Re: Mechanism to provide tai-utc.dat locally

2006-12-27 Thread Clive D.W. Feather
M. Warner Losh said: time_t is so totally broken, it isn't funny. That's the closest thing to a standardized API there is for time. All others are stuff folks have done here or there, but they aren't universal enough to be considered. Too bad the problems with time_t are well known, well

Re: Mechanism to provide tai-utc.dat locally

2006-12-27 Thread Ashley Yakeley
On Dec 26, 2006, at 23:02, M. Warner Losh wrote: Of course, needing to know TAI-UTC offsets leads one to interesting situations. What does one do if one has TAI time, but not UTC and a conversion is asked for? If it's a time in the future rather than just the current time, the thread may

Re: Mechanism to provide tai-utc.dat locally

2006-12-27 Thread Zefram
Ashley Yakeley wrote: On Dec 27, 2006, at 01:23, Clive D.W. Feather wrote: Any proposal has got to deal with a whole load of issues, many of which haven't been properly documented. For example, it should be possible to add and subtract times and intervals (e.g. what time is 14 months and 87 days

Re: Mechanism to provide tai-utc.dat locally

2006-12-27 Thread Tony Finch
On Wed, 27 Dec 2006, Zefram wrote: Your principle is probably correct; I'm just saying that the implementation you're thinking of doesn't actually satisfy the criterion. When you quoted me you snipped the bit where I said its implementation is far from ideal. This is not just because of the

Re: Mechanism to provide tai-utc.dat locally

2006-12-27 Thread Poul-Henning Kamp
In message [EMAIL PROTECTED], Zefram writes: Ashley Yakeley wrote: In the Haskell time library, I represent UTC time by what seemed to me the simplest possible correct type. This is a record containing an integer to represent day number (as MJD), and a fixed-point decimal (picosecond resolution)

Re: Mechanism to provide tai-utc.dat locally

2006-12-27 Thread Rob Seaman
Clive D.W. Feather writes: WG14 is willing in principle to make changes to time_t, up to and including completely replacing it by something else. *BUT* it needs a complete and consistent proposal and, preferably, experience with it. This is at the heart of my distaste for the so-called leap

Re: Mechanism to provide tai-utc.dat locally

2006-12-27 Thread John Cowan
Zefram scripsit: In the general case: to determine or use an interval of N calendar FOOs, it is convenient to represent the time as a linear count of calendar FOOs plus details of the exact position within the current FOO. FOO may be minute, hour, day, week, month, or year. I think there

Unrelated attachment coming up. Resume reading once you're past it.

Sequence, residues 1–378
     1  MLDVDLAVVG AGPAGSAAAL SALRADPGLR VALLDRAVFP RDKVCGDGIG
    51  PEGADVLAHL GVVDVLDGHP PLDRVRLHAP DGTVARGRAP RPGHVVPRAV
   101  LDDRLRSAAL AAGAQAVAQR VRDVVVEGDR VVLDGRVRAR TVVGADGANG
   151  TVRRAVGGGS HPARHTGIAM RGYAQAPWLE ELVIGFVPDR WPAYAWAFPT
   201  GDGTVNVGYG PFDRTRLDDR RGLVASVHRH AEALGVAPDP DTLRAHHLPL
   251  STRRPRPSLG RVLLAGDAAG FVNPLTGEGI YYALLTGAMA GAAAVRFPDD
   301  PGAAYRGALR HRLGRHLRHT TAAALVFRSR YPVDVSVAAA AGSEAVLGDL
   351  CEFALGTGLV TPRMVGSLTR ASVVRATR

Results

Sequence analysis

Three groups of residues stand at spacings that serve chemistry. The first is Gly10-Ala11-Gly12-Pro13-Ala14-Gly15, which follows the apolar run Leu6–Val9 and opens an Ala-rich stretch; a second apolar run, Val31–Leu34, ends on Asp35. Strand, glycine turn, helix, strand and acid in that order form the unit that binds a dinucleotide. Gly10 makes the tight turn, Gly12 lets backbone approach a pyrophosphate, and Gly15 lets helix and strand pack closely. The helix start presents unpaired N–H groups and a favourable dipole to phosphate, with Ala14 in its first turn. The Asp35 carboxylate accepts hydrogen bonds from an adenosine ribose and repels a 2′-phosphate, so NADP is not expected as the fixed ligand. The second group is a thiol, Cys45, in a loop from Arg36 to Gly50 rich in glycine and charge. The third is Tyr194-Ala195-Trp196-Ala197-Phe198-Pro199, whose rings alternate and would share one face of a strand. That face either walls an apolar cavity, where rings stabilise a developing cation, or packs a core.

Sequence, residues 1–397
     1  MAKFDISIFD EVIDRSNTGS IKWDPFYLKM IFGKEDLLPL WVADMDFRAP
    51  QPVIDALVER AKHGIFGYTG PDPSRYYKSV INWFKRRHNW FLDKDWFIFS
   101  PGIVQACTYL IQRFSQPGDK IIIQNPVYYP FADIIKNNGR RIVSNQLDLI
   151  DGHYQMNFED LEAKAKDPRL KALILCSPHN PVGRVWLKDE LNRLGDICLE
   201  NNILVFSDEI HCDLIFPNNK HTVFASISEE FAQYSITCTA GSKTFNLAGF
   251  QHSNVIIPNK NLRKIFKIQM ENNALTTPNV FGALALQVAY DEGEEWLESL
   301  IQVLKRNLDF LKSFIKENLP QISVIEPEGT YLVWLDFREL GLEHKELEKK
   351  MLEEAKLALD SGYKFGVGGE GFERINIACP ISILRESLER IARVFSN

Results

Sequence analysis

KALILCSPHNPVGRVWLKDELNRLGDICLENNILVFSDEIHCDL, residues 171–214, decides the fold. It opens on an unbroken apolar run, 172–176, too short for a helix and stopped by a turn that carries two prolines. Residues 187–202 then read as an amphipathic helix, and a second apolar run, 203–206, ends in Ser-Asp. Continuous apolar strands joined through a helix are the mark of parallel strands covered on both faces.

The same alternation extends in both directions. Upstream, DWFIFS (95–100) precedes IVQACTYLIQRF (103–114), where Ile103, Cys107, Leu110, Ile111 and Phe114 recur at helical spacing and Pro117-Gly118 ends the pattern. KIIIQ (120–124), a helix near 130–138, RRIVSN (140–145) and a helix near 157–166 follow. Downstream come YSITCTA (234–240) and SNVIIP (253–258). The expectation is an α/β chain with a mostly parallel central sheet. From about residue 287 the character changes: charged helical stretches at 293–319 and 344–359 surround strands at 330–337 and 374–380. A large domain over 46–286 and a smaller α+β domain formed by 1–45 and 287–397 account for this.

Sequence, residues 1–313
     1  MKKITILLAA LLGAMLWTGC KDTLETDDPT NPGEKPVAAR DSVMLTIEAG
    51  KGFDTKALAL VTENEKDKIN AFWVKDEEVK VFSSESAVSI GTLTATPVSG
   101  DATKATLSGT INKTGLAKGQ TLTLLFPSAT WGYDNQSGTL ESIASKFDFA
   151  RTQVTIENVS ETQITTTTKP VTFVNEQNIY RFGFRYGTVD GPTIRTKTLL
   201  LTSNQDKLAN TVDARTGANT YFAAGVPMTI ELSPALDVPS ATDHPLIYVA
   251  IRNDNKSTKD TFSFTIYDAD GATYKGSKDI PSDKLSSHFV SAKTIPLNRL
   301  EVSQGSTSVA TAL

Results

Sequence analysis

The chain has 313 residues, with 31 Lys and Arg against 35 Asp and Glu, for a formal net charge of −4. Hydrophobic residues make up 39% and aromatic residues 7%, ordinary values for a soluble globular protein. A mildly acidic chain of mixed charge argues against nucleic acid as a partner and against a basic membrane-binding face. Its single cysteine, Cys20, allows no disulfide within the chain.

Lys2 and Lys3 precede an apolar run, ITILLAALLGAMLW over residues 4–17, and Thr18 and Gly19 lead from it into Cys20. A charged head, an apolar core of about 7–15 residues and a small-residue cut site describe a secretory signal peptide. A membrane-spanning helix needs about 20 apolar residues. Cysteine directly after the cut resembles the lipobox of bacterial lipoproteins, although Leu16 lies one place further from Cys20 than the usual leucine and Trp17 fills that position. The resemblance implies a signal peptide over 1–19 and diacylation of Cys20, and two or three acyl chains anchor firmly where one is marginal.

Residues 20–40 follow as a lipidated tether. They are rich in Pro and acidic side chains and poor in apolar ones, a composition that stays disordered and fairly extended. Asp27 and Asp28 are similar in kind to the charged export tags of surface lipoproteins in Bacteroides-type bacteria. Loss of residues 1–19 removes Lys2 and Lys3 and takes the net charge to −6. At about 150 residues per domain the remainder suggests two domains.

Re: Mechanism to provide tai-utc.dat locally

2006-12-27 Thread Ashley Yakeley
On Dec 27, 2006, at 06:29, Poul-Henning Kamp wrote: That's a pretty bad format. Computers are binary and having pseudo-decimal fields like tv_usec in timeval, tv_nsec in timespec and picoseconds in Haskell is both inefficient and stupid. The fractional part should be a binary field, so that

Re: Mechanism to provide tai-utc.dat locally

2006-12-27 Thread Ashley Yakeley
On Dec 27, 2006, at 14:32, Poul-Henning Kamp wrote: It's impossible to accurately represent a millisecond using binary fractions. That would be unacceptable for most sub-second use. Reality check: with a 32bit fraction, the error would be 69 ps. ...which accumulates in arithmetic and causes

Re: Mechanism to provide tai-utc.dat locally

2006-12-27 Thread John Cowan
Rob Seaman scripsit: Mucking with leap seconds is equivalent to redefining the concept of a day. Very true. And adopting the Egyptian-Roman calendar redefined the concept of a month. Somehow civilization survived. -- John Cowan [EMAIL PROTECTED] http://ccil.org/~cowan I must confess

Re: Mechanism to provide tai-utc.dat locally

2006-12-27 Thread Daniel R. Tobias
On 27 Dec 2006 at 20:57, John Cowan wrote: Very true. And adopting the Egyptian-Roman calendar redefined the concept of a month. Somehow civilization survived. Keeping months in sync with phases of the moon apparently turned out to be insufficiently important to civilization to require it as